Formula One Teams' Association (FOTA) President Luca di Montezemolo – the man who helped to broker the F1 peace deal with the governing body in Paris on Wednesday – has admitted that one of the key matters of importance in negotiations was that there should be 'no dictator' in the sport.
One of the main sources of dispute between the FIA and FOTA was what has come to be seen as FIA President Max Mosley's increasingly autocratic and at times seemingly arbitrary governance of the top flight. With the Englishman due to step down from the most powerful and influential post in international motor racing at the end of his fourth and current term in October, Ferrari President di Montezemolo admitted that he is hopeful that a similar situation will not be allowed to repeat itself in the future.
“The satisfaction is that all of our requests have been accepted,” the Italian told media after the crunch World Motor Sport Council (WMSC) reunion in the French capital, quoted on ex-ITV F1
commentator James Allen's blog. “To us three things were most important – that F1 stay F1 and not become F3; that there is no dictator, but that there is a choice of rules, agreed and not imposed; and that whoever has a team is consulted and has a voice. Now, finally, we have stability of the regulations until 2013.
“Mosley has announced that in October he will stand down, with an irrevocable decision, and that from now on he won't get involved in F1. Could Mosley change his mind? He can, yes, but we won't. What has been fundamental is the unity of the teams, of the manufacturers. [Bernie] Ecclestone said that he fed FOTA's cards to his dogs, Mosley said that he didn't know what FOTA was, [but now] it seems to me that both of them have something different to say.
“I wish to thank all our fans who have supported us, because the general public had had enough of all these changes. We hope that next year, having at last achieved stability in terms of the rules, we will see a winning Ferrari once again – and, finally, a real Formula 1.”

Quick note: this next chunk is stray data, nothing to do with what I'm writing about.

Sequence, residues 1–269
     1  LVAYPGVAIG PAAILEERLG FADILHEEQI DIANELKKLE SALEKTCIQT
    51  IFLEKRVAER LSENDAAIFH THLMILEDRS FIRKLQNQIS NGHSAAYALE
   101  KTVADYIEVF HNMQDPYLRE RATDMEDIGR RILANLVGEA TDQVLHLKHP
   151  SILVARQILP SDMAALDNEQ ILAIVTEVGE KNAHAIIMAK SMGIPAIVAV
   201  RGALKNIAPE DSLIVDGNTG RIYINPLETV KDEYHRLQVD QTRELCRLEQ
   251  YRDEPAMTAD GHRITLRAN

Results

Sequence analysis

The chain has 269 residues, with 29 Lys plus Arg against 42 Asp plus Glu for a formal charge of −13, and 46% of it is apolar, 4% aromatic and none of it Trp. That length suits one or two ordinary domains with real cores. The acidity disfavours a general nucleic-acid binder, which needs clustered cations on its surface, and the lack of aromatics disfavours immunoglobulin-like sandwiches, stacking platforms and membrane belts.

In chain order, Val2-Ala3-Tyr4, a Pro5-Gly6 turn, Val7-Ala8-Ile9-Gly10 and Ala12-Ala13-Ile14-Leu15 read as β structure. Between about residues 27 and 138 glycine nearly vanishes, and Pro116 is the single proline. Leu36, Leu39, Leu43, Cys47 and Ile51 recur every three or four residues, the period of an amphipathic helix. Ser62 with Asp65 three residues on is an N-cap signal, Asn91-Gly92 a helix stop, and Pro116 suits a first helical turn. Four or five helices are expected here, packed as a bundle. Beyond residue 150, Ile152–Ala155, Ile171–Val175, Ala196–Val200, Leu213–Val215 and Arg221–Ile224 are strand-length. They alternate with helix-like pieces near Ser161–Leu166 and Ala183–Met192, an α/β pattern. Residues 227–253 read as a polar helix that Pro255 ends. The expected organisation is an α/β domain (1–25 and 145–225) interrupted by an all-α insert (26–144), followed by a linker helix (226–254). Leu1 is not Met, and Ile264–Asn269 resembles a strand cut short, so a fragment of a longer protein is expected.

Whilst Mosley was adamant that there had been no losers in the compromise, the Scuderia
nonetheless claimed victory at the end of the damaging stand-off – one that averted a manufacturer-spearheaded 'breakaway' series at literally the eleventh hour, and saw the FIA's contentious budget cap proposal scrapped in favour of a more manageable and gradual means of cost-cutting to bring spending levels back to what they had been in the early-1990s.
'The FIA World Council accepted the proposals formulated by FOTA for the 2010 Formula 1 World Championship, a championship which will be held, as suggested by FOTA, in the spirit of sporting and technological competition, with clear and fixed rules and transparent governance, handled by the F1 Commission,' read a statement from the esteemed Maranello-based outfit.
'The objective is to avoid continual changes decided on by one person alone and to gradually reduce costs, to get back to levels of spending similar to those of the early '90s within the next two years. The FOTA teams constantly promoted these objectives in the interests of motorsport and all its protagonists, first and foremost the fans.'